DICGC has paid out a massive Rs1,025 crore in claims over the last three years alone to 83 banks, all of which were co-operative banks. While close to a 100% of payments have been made to co-operative banks, less than 8% of the total premium is raised from the 2,080 co-operative banks under DICGC, with about 88% coming in from less than 200 commercial banks.

Moneylife Foundation believes that before any move is made to raise the insurance cover, the dual regulation of cooperative banks under the Registrar of Cooperative Societies (RoCS) and the RBI needs to be addressed; RBI ought to be the sole regulator of all banks. Alternatively, co-operative banks should be given a separate insurance cover, funded only by premia collected from depositors in co-operative banks.

Ashok Ravat, from the All India Bank Depositors Association (AIBDA) raised the issue that bank depositors also need to be protected against inflation. He demanded that the RBI formulate a policy that ensures depositors a positive real interest rate, i.e., interest rates guaranteed by banks should be inflation adjusted. AIBDA holds that small depositors up to Rs1 lakh and senior citizens with deposits up to Rs15 lakh should be fully insured under DICGC.

In response to this Dr Chakrabarty said while he agreed with Mr Ravat, but that the RBI was constantly receiving flak for keeping interest rates high. He indicated that the RBI had to balance out the interests of savers with those of borrows who would stand to benefit from lower interest rates. He said “Now hopefully inflation will come down and you will get positive returns on your deposits, but on this one count you must give some credit to the (RBI) Governor. He is fighting relentlessly that interest rates should not be brought down until inflation comes down."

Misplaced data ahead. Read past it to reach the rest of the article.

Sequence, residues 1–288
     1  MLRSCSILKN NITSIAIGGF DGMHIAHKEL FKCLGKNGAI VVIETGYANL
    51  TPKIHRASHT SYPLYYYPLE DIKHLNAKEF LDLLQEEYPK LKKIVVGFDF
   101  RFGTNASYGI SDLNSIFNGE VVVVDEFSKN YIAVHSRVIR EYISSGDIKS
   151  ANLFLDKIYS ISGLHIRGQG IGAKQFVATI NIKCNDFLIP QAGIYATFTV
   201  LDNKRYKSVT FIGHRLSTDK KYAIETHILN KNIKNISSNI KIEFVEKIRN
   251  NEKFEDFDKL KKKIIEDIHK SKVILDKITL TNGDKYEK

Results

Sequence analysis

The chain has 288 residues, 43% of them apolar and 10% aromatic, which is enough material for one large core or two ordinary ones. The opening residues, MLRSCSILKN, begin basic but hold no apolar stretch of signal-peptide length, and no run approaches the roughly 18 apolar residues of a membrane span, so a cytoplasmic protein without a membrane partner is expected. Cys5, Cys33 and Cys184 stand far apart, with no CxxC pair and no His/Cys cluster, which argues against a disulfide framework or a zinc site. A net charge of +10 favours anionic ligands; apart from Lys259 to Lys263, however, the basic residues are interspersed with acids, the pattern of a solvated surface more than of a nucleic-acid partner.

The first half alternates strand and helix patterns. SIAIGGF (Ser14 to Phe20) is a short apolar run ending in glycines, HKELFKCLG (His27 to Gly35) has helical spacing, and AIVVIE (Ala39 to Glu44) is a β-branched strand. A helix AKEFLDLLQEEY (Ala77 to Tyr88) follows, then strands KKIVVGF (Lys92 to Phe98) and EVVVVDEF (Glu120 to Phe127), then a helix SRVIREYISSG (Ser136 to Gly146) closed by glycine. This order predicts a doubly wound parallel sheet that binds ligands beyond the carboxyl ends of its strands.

4 years ago

inflation has brought down the real value o our currency hence present dicgc limit of insurance cover of rs. 1/-lac is too low it must be raised to rs. 10/lacs it will add confidence level of bank deposits. at present depositors are using multi banking facility to maximise cover if limit is rised people prefer banking with one bank only also people will not go for otherr investments e.g. purchase of gold etc. RBI MUST INCREASE THE INSRANCE COVER TO RS. 10/LACS


4 years ago

The information given out by Moneylife about the ‘sources’ and ‘uses’ of premium by Deposit Insurance Corporation is revealing. When banks work under a regulatory system, government and regulators have to take the responsibility of protect the interests of all depositors. Protecting depositors’ interests has to be seen from a different angle as compared to other types of insurance. High time, someone looked seriously into the working of ‘failing’ cooperative banks. Not only cooperatives, regulators and supervisors should not wait for fresh legislations for safeguarding the interests of small savers and investors who are misguided by miscreants.

Ramesh Poapt

4 years ago